Deutsche Bank acquired Oppenheim and made Oppenheim its wholly-owned subsidiary in March 2010, after Kreke had already invested in the Oppenheim-Esch funds. Id . ¶ 5; Pet'r's Mem. at 4. Kreke asserts that, while conducting the requisite due diligence for the acquisition, Deutsche Bank created and obtained documents that detail Kreke's investment in the Oppenheim-Esch funds. Pet'r's Appl. ¶ 7. Additionally, the petitioner believes that, by virtue of the parent-subsidiary relationship, Deutsche Bank now has control over all of the documents that are possessed by Oppenheim, including those that may describe the bank's allegedly fraudulent activities. Id.

On December 26, 2011, Kreke entered into formal mediation with Oppenheim in Germany. That mediation terminated without resolution on January 10, 2013. Id . ¶ 22. On May 21, 2013, Kreke filed suit in the District Court of Cologne, Germany, naming as a party Oppenheim, but not Deutsche Bank. Pet'r's Mem. 2d at 1-2. Although the copy of the complaint submitted to this Court was both incomplete and written in German, Kreke indicated in its March application that it intended to assert claims for fraud, breach of duty, and breach of contract in the German proceeding against Oppenheim. Pet'r's Appl. ¶ 23.

Kreke filed this § 1782 application to obtain documents from Deutsche Bank to assist in the German action against Oppenheim. Petitioner requests sixteen categories of documents that can be divided into two groups: (1) documents prepared by or for Deutsche Bank relating to the purchase of Oppenheim[2] and (2) documents detailing Oppenheim's continued management of all Oppenheim-Esch funds[3]. See generally Pet'r's Appl., Ex. B ("Proposed Subpoena"). Kreke has applied to this Court for discovery because "as a practical matter, German-style discovery is limited to gaining access to documents whose contents are already known to the applicant in great detail." Pet'r's Supp. Appl. at 3. In order for the petitioner to obtain documents that "generally pertain" to Oppenheim's alleged wrongdoing, Kreke believes that its only "conceivable" approach is filing a § 1782 application with a U.S. district court. Id . The German court has not, to this Court's knowledge, issued any ruling or statement regarding this application.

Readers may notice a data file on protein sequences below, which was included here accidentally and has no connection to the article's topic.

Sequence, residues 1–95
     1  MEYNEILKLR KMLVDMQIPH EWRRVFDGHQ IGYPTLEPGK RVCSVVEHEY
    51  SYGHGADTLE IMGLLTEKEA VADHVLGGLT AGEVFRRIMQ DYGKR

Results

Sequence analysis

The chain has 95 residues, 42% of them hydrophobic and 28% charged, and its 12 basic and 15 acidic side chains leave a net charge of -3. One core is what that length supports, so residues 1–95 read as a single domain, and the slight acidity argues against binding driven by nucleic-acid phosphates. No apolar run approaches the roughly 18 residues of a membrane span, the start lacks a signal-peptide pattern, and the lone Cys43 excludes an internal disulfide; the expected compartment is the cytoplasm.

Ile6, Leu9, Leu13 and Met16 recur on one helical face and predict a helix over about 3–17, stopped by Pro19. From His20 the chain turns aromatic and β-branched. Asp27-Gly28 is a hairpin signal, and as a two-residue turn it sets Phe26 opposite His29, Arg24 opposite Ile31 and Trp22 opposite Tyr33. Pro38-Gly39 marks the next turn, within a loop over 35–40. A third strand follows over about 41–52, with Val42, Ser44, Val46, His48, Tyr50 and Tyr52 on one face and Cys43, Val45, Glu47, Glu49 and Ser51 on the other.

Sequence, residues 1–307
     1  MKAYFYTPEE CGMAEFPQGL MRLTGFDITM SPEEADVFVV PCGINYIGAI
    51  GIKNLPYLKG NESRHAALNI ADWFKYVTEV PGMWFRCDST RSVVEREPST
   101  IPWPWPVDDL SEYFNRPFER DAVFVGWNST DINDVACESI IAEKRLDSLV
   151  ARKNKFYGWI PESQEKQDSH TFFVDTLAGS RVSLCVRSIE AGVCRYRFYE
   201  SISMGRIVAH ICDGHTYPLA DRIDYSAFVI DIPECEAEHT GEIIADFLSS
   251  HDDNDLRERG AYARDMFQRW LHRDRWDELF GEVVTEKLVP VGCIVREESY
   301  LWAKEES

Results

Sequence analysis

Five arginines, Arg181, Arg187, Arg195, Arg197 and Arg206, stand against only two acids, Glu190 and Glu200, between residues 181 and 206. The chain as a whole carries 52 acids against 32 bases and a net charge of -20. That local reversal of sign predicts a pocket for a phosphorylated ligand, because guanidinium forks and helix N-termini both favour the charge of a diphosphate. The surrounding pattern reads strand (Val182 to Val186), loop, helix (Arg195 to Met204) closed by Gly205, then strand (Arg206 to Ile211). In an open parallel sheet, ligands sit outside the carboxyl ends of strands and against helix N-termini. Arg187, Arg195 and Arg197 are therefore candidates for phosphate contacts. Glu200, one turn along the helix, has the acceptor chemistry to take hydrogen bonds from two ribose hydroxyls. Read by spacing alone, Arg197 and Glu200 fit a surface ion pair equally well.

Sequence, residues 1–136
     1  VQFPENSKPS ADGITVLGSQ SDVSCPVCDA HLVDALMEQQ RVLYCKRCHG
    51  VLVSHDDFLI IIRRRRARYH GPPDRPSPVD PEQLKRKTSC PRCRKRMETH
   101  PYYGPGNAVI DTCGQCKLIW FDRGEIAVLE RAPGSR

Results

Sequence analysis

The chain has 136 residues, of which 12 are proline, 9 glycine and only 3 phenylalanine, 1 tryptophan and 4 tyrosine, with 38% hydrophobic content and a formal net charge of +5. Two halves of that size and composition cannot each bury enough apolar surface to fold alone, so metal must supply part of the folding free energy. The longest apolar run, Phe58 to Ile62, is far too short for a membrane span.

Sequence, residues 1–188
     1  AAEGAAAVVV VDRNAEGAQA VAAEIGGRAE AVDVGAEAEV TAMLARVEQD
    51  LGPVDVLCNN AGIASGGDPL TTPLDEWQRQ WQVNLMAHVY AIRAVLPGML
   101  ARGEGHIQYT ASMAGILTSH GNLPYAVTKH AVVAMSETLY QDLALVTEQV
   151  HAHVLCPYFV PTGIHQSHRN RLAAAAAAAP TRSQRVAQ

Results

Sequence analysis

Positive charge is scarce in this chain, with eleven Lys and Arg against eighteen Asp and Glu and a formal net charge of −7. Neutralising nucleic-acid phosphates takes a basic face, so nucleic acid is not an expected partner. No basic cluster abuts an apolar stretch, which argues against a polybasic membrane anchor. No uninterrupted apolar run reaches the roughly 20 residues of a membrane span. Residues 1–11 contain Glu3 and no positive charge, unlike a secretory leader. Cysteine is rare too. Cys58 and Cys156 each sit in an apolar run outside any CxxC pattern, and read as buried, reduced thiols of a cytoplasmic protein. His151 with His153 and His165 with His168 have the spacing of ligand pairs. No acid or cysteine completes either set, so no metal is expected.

DISCUSSION

I. Legal Standard

A district court is authorized to grant a § 1782 request when the petitioner demonstrates "(1) that the person from whom discovery is sought reside[s] (or [is] found) in the district of the district court to which the application is made, (2) that the discovery [is] for use in a proceeding before a foreign tribunal, and (3) that the application [is] made by a foreign or international tribunal or any interested person." Schmitz v. Bernstein Liebhard & Lifshitz, LLP , 376 F.3d 79, 83 (2d Cir. 2004) (internal quotation marks omitted). "Once the statutory requirements are met, a district court is free to grant discovery in its discretion.'" Brandi-Dohrn v. IKB Deutsche Industriebank AG , 673 F.3d 76, 80 (2d Cir. 2012) (quoting Schmitz , 376 F.3d at 83-84); see also In re Edelman , 295 F.3d 171, 181 (2d Cir. 2002) ("Congress planned for district courts to exercise broad discretion over the issuance of discovery orders pursuant to § 1782(a)...."). Nonetheless, that discretion is "not boundless." Schmitz , 376 F.3d at 84. The Second Circuit has held that district courts must exercise their discretion in light of the twin aims of § ...